When shooting with multiple cameras, two considerations emerge:
- The eye lines in conversation scenes can get harder to manage.
- Lighting set-ups are more complicated because you have to light more of the scene.
Your creative team needs to assess whether these drawbacks will counteract the efficiency of a multi-camera shoot.
8. Shoot with oversize formats and punch-in during post
Shooting with oversize formats can be helpful to cut down on coverage-shooting time since it gives you more options in post.
Let’s say your finished product is to be delivered 2k resolution. You can shoot medium-wides in 4k or 6k, and use the extra resolution to punch-in for your close-ups in post.
That way, you can shoot wide and close simultaneously through the same lens.
Creatively, this isn’t ideal since the lighting and framing for closeups might be slightly off. However, if the production aesthetic can tolerate it, this can save you a lot of time.
PRO TIP: SPEED UP PARK & PAY TIME BY SENDING A PA
It’s important to consider the cost of the extra resolution. Production and post will spend much more on data storage and management for all that extra footage.
9. Skip traditional coverage and shoot overlapping masters.
Another efficient shooting option is to shoot overlapping moving masters rather than the more traditional three-point or five-point coverage.
These are often fluid, moving shots that cover large chunks of a scene which are designed to intercut easily.
If done right, the ‘overlapping moving masters’ technique gives you two angles for coverage that intercut easily and allow you to shoot through lots of dialogue very quickly.
This is how I directed “Glimpse”, a contained thriller, with several 10-page days in the shooting schedule. They work best for long conversation scenes.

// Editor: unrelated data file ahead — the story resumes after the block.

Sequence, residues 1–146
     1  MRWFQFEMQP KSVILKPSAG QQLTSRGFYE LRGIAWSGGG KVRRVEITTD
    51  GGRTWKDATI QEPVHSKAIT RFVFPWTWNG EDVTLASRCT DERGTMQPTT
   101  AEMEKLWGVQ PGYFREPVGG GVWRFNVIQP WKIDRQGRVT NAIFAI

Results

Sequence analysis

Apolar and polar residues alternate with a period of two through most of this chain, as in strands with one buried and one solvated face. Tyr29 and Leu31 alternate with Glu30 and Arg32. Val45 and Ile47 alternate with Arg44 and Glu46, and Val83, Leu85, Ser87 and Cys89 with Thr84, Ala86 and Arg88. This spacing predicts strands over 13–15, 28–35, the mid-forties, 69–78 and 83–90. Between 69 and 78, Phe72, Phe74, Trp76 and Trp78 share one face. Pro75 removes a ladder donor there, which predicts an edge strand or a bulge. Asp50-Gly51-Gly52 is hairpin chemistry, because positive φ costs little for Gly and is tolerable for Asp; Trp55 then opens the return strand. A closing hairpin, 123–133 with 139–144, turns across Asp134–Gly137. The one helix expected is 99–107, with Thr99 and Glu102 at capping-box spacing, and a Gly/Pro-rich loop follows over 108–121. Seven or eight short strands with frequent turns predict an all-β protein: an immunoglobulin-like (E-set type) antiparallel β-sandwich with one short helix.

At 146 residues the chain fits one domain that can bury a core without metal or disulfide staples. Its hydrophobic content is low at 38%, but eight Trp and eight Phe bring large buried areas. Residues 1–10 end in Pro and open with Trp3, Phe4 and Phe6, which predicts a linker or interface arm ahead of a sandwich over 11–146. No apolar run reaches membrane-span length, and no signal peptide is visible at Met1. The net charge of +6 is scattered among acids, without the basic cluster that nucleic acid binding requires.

Just light the room broadly, point the camera at one of your actors, and start the scene.
As the actor moves, the camera follows. Interesting blocking can make this more dynamic. Shoot for as long as you can, ideally for a page or more.
When the actor flubs a line or when the camera does something unpleasant, just cut the shot, go back a quarter page, and start again from there.
Repeat this until you’ve shot through the entire scene.
Make sure each ‘chunk’ of the scene is at least a half-page long.
Then relight for the reverse angle, and do the same thing with the reverse shot.
This technique gives you tremendous momentum with as minimal a loss of production quality as possible. Keep in mind that this is a stylistic choice so it needs to be carefully assessed whether this technique will match the rest of your film.
10. Schedule a production meeting with your crew.
Once you’ve developed a strategy for getting through the day, it’s vital that everyone talk through it together.
The director, AD, DP and department heads need to talk through the day. Discuss each setup, who’s doing what, how much time it needs to take, and where the potential trouble spots are.
Take notes and present the timetable to the team after the meeting. This will be your ‘official’ shooting schedule. If it’s a few pages long, that’s fine. Everyone knows it thoroughly, and that’s what will make the difference on the day of the shoot.
Remember that this meeting isn’t just about creating the final shooting schedule. By holding this meeting, you’re giving everyone a chance to learn about each other’s role for the day. When your team members know each other’s responsibilities, they’ll be able to help each other keep up with the demands of such a tight shooting schedule.
We hope that you’ve found these tips useful to help you maximize your budget by shooting more pages in a day. As we mentioned, a lot of this goes back to how you structure your shooting schedule.
You can also learn how to create a shooting schedule using a stripboard right here.
If you’re looking to speed up your workflow, give StudioBinder a look too. You can import a Final Draft script (.fdx) and create a robust shooting schedule in no time.